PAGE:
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21 hours ago, FatherOfPugs said:

I had thought about doing the USD - Euro - CUC when my wife and I went, but the exchange rate at the time was USD $1.14 to €1 Euro, 14% (it actually is currently still there at 14%), so I actually saved 1% by going straight USD - CUC at 13%, in addition my bank charges a currency conversion fee on top of the exchange rate for ordering Euros. Not worth it in my mind. Now, if the exchange rate for USD - Euros drops below 13%, say $1.08 for €1 (8%, I would save 5%) then I would look at doing that. 

You're calculations are a bit off here.

Yes the exchange rate is still about USD $1.14 to €1 euro. But that does not mean there is a 14% charge. In fact that means there is no charge at all, i.e. 0%, if you are lucky enough to get that rate in your bank (usually there is a 3%-5% commission charge, like anywhere).

In Cuba, it is not 1 CUC to 1 Euro, as it is 1 CUC to 1 USD%

In Cuba, it is 1.14 CUC to 1 Euro, same as anywhere else, of course they take off the 3% charge so you get about 1.11, same as anywhere else.

Unlike changing USD$ in Cuba where they charge you 13% in total. That is a charge.

The receipt attached is one I got in Cuba in December, changing €500 euros. They charged me about 3% as usual so I got about 1.11 CUCs to 1 Euro. Actually 1.11404

€500 euro got me 557 CUCS, after charges (3%).

Do you see where I'm coming from?

What currency conversion rate from Dollars to Euros does your bank charge you?

Say, for example, it is X%. Then (10 - X)% is how much you will save if you convert your dollars to euros before going to Cuba.

So, if your bank charges you 3% to convert to Euros and you want to bring $2,000 to Cuba, you will save (10 - 3 = 7)% or 140 cucs out of $2,000

500Euros_Jan2019.thumb.jpg.5c6fd7ea56f3c27625af27054145eecb.jpg

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50 minutes ago, Ryan said:

You're calculations are a bit off here.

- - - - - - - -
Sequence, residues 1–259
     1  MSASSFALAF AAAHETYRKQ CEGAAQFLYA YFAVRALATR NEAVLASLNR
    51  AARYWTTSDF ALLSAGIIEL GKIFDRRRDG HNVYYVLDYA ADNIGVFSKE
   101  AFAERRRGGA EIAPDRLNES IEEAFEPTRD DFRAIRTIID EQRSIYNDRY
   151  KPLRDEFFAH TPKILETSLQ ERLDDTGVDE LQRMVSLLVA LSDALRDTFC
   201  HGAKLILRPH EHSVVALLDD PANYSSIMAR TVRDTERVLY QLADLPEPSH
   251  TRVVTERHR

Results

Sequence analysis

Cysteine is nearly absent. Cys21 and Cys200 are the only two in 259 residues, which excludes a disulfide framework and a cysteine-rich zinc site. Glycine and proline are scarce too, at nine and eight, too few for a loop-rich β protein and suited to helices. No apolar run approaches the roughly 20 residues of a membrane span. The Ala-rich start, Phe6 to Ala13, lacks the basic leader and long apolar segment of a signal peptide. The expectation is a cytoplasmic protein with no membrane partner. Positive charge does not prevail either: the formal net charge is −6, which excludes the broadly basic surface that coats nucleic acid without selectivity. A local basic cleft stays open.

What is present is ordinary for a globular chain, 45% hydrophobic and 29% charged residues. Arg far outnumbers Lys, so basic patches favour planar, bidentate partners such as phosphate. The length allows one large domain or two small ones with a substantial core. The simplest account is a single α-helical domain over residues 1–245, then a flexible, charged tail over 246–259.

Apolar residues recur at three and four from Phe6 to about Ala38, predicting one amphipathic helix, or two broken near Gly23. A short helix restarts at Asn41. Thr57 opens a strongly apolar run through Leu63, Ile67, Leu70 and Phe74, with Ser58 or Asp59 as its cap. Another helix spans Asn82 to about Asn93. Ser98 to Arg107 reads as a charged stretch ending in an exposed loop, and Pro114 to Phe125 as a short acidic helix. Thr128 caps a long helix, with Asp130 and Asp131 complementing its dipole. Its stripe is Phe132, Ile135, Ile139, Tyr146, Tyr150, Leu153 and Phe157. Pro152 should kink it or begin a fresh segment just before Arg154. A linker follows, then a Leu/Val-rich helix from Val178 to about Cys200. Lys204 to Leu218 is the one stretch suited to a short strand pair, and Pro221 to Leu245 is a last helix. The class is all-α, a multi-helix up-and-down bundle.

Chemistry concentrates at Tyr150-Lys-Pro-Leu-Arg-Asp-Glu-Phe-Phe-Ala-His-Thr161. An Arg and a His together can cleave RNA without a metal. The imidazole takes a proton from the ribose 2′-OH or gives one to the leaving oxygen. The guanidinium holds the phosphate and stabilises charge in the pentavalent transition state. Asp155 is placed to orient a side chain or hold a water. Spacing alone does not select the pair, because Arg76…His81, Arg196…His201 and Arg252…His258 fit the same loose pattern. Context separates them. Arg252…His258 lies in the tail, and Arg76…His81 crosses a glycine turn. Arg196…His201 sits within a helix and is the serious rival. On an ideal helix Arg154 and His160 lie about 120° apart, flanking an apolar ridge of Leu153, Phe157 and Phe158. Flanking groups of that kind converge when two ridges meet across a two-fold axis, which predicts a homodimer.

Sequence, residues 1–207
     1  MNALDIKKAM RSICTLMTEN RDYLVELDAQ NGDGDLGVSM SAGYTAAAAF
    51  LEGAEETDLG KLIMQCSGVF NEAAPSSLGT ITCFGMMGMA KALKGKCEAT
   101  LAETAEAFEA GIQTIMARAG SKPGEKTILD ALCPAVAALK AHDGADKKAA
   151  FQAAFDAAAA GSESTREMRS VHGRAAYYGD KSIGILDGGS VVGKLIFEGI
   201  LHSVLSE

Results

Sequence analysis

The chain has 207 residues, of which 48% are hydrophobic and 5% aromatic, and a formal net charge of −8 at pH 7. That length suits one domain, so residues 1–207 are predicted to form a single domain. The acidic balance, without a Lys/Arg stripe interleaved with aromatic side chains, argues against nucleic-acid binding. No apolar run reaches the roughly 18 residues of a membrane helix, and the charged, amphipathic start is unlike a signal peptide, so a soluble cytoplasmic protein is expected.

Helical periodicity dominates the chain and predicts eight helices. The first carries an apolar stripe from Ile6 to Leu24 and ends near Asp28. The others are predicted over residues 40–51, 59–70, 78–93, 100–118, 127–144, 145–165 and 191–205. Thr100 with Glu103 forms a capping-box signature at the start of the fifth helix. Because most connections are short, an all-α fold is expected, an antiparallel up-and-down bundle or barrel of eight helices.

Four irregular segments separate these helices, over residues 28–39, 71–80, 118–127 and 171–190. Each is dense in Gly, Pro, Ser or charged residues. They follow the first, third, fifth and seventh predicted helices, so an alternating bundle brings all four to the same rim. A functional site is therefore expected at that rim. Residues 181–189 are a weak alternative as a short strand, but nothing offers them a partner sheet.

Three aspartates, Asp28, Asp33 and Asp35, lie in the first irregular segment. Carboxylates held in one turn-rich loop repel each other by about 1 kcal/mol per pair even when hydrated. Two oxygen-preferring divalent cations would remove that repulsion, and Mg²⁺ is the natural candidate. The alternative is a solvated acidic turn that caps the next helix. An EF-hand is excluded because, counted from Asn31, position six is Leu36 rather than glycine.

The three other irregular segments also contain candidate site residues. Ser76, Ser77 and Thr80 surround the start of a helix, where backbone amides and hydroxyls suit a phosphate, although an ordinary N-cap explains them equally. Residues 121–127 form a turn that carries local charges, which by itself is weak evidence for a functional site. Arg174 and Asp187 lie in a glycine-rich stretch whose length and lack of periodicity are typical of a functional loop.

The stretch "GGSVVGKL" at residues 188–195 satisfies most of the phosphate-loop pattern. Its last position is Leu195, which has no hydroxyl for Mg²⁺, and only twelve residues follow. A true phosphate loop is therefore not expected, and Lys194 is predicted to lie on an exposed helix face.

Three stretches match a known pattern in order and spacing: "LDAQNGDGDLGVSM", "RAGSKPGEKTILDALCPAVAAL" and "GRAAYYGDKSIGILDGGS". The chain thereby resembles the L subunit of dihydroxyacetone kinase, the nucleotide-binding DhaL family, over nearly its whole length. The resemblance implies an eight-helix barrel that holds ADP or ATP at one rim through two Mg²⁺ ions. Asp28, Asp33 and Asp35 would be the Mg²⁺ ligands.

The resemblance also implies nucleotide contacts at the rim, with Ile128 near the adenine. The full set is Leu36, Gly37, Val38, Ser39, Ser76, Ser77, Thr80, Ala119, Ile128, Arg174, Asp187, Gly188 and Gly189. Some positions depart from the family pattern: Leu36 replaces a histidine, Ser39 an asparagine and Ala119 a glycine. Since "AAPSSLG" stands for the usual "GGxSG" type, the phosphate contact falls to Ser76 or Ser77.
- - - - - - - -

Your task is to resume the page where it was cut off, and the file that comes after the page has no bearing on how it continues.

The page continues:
Yes the exchange rate is still about USD $1.14 to €1 euro. But that does not mean there is a 14% charge. In fact that means there is no charge at all, i.e. 0%, if you are lucky enough to get that rate in your bank (usually there is a 3%-5% commission charge, like anywhere).

In Cuba, it is not 1 CUC to 1 Euro, as it is 1 CUC to 1 USD%

In Cuba, it is 1.14 CUC to 1 Euro, same as anywhere else, of course they take off the 3% charge so you get about 1.11, same as anywhere else.

Unlike changing USD$ in Cuba where they charge you 13% in total. That is a charge.

The receipt attached is one I got in Cuba in December, changing €500 euros. They charged me about 3% as usual so I got about 1.11 CUCs to 1 Euro. Actually 1.11404

€500 euro got me 557 CUCS, after charges (3%).

Do you see where I'm coming from?

What currency conversion rate from Dollars to Euros does your bank charge you?

Say, for example, it is X%. Then (10 - X)% is how much you will save if you convert your dollars to euros before going to Cuba.

So, if your bank charges you 3% to convert to Euros and you want to bring $2,000 to Cuba, you will save (10 - 3 = 7)% or 140 cucs out of $2,000

No, my calculations are not off. I used the wrong word, I should have said "currency conversion or conversion rate" 🙄 I'm still losing money by exchanging for Euros, last time I checked the conversion of USD to Euros was $1.14 = €1. And that was just for the flat out currency conversion not even taking my bank's fee into consideration. Your bank may differ. My math is NOT off. I lose money. Period.

Using current currency conversion rates of the US market, and what my bank charges for currency conversion as of today 2/8/19:

If I exchange for Euros at my bank today, like right now, €1 will cost me $1.195. That's 19.5%. If I go to Cuba and exchange USD to CUC, the "conversion rate" is 13%, that's 6.5% more for me for not going to Euros. Euros are still more for me when factoring in the "conversion rate" and the extra charge my bank costs for ordering foreign currency. 

$1000 = €805 at my bank, taking into account everything I am going to pay. 

$1000 = 870CUC in Cuba, I'm ahead 65CUC and it's 5 less steps for currency in the process, time which I don't have to run around shopping from bank to bank. 

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Maybe it's different if you're looking to take $10,000 of whatever currency you have with you, but I would never be bringing that much. If I spent that much on cigars/rum/Cuba trip, my wife would kill me, literally. If you have that much to throw around on a trip, more power to you!  I hope to be at that level some day, but I'm not right now. So for me, the difference of a few dollars in exchange rates is not worth my time or effort given my banks rates.

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I have found that converting my USD to Canadian dollars gives me the best return in Cuba. But it seems everyone has a different understanding of conversion rates. I have actually gotten into some big arguments with family and friends over this very topic. I gave up on trying to convince people which method is best and just let them figure it out themselves.